End Users Still the Largest Contributor to Breaches

End Users Still the Largest Contributor to Breaches

It’s been awhile since I’ve posted a new blog. This is due to trying to catch up with all the latest analysis that has been released in the last 30 days regarding security breaches. There has been some fantastic and detailed data regarding how hackers get into networks, who they are targeting and the tools they use to do it.

Companies like F-secure, Datto, SolarWinds, BitDefender, the 451-Alliance, and others track information from global sources regarding security breaches and how they happen. I prepared some recommendations based on the highlights of those reports so I can save you a few hours of reading and focus on some of the key information I found.

I want to reference what I feel are some great reads about specific hacking tools used and where they are being used to help you understand the threat landscape:

What these two resources detail is that most threats are still coming from the oldest methods of penetration: the End User or Human Factor. Threats from targeted phishing emails and hacked websites that take advantage of weaknesses built-in to software we use everyday are still the largest entry point for hackers.

How Do We Fix the Human Factor

In a nut shell: employee training and awareness. Employees are over-worked, multi-tasking and human. It is only a manner of time till someone who it tired and rushed, accidentally clicks on an infected email attachment infecting their computer. Once the hacker gains access they take their time surveying the network to find every way they can hurt you most. It only takes one person in the company to let them in by accident, and hackers know that. Once inside they begin looking for the admins, the users with passwords and access to sensitive information. Once they find that user, they have the keys to the kingdom.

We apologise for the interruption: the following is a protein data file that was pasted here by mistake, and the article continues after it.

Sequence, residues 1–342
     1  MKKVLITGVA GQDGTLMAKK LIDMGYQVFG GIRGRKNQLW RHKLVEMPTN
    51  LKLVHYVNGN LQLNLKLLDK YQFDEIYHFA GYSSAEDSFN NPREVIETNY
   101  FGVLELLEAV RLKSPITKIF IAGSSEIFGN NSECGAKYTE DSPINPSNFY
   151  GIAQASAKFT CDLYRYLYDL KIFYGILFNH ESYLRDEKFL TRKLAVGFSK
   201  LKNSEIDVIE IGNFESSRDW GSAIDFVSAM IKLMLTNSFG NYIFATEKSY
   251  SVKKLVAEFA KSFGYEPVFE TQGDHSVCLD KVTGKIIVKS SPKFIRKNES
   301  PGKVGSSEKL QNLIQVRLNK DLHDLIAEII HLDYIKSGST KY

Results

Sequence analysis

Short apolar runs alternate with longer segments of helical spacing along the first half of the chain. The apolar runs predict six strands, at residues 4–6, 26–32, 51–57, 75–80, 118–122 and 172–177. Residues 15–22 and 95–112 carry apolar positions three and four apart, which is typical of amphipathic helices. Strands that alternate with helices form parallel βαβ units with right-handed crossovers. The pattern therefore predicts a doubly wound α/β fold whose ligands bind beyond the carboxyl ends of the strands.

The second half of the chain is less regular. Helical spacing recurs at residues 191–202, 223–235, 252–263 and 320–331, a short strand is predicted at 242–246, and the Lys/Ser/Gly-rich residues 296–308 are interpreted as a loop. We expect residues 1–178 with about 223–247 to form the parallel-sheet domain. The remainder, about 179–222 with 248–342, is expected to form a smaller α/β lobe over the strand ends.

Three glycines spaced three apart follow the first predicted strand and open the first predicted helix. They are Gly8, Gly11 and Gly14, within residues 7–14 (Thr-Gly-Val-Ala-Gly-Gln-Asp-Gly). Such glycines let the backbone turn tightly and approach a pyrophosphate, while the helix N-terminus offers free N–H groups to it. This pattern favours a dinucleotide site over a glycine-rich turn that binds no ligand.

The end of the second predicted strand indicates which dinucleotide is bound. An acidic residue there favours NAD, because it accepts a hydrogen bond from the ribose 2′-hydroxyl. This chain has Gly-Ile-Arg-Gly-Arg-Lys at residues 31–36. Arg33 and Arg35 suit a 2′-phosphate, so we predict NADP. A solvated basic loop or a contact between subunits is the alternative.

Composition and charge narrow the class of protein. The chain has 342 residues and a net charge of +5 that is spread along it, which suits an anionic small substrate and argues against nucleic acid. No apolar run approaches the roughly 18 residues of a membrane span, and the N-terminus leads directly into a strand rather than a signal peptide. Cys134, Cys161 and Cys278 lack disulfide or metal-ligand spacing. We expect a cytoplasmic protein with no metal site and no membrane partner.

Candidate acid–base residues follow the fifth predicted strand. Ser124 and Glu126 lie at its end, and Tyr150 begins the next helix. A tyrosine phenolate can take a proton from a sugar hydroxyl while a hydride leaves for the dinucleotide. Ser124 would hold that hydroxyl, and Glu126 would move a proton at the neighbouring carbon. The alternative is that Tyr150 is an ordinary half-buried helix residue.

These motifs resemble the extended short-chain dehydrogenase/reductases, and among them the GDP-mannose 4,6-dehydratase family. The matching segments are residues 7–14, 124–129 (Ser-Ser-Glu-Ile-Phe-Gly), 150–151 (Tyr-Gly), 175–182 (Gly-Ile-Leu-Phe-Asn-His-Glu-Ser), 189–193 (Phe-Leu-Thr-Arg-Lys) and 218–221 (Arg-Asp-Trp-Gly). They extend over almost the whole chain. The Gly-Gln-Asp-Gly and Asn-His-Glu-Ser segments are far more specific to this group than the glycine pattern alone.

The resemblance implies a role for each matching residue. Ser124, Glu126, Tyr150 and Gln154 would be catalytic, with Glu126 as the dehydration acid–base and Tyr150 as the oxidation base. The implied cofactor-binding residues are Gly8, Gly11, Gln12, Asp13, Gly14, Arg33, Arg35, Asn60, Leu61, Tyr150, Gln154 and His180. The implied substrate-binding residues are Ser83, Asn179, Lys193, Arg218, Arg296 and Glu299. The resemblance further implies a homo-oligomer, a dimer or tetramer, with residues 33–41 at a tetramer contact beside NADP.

Secondly, putting proper backup, disaster recovery and business continuity solutions in place to ensure proper protections and ongoing operation of the business in the event of a breach. This will raise employees awareness, provide faster detection & reporting of suspect activity, and will ensure minimal impact on operations.

Steps employers should be taking are very simple:

  1. If you own or operate a business and don’t have a professional IT company or on-staff IT managing your technology, your playing a losing game and gambling with your livelihood.
  2. Listen to your IT professionals. We are trained to protect you from threats. Not all IT personnel and companies are equal in the value of their knowledge and advice, so get a second opinion when in doubt and weight your options. The old saying, you get what you pay for usually applies. Remember, your not paying for their time at your office, your paying for their years of expertise and experience.
  3. Invest in an on-going cyber-security training and awareness program with-in your company to keep employees educated and aware of threats. Threats are evolving in method, delivery and execution so this should be an on-going effort.
  4. Your environment needs to be as secure as possible within reason. There are ways to have a save operating environment with built-in protection and multilayered security, and the Cloud is by far the best option for this.

Our company made a decision 10 years ago to invest in building Cloud environments for the SMB vertical. Tools like AWS and Azure require knowledge capital of those systems, and experience integrating and migrating environments. It can be very costly. We built our cloud environment on technology from NetApp, VMware, HP, Microsoft and WatchGuard specifically for small business to create a cost effective reliable solution. The Backup, Disaster Recovery and Business Continuity solutions are already built-in and deployed on a fault-tolerant, redundant infrastructure.

These practices protect against the “HUMAN FACTOR”, but insure we have minimal down-time when it becomes a factor.

A Great Defense is the Best Offense

If you took the time to read the referenced and linked articles (I hope you did), you’ll understand the threat is real. It is evolving, getting more difficult to detect, and more profitable for hackers as they are targeting businesses 300% more that the previous year. Ransomware alone was responsible for $16 billion in losses last year.

It will be more expensive to protect you business than in the past, but it is far less costly than a breach that compromises you company, your employees, and your customers. Not to mention the lawsuits that ensue.

If you are interested in getting a free network assessment to determine where your vulnerable, make an appointment by going here to setup a time. Thanks for reading and feel free to message me at rtrembath@quasardata.com with any comments.